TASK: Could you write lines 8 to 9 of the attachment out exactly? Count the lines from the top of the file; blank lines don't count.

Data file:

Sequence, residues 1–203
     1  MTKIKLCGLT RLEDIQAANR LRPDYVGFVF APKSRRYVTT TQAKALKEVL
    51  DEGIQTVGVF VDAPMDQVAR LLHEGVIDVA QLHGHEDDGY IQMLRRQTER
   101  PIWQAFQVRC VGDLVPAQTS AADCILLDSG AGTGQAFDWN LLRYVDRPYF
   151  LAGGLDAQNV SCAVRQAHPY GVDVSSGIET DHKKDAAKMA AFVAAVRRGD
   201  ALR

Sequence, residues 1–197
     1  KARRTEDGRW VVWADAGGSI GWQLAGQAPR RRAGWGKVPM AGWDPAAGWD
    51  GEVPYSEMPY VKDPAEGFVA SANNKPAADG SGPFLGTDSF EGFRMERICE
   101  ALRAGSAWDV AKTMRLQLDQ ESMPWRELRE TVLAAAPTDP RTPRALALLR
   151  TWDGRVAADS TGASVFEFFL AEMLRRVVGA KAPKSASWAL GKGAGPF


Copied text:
     1  KARRTEDGRW VVWADAGGSI GWQLAGQAPR RRAGWGKVPM AGWDPAAGWD
    51  GEVPYSEMPY VKDPAEGFVA SANNKPAADG SGPFLGTDSF EGFRMERICE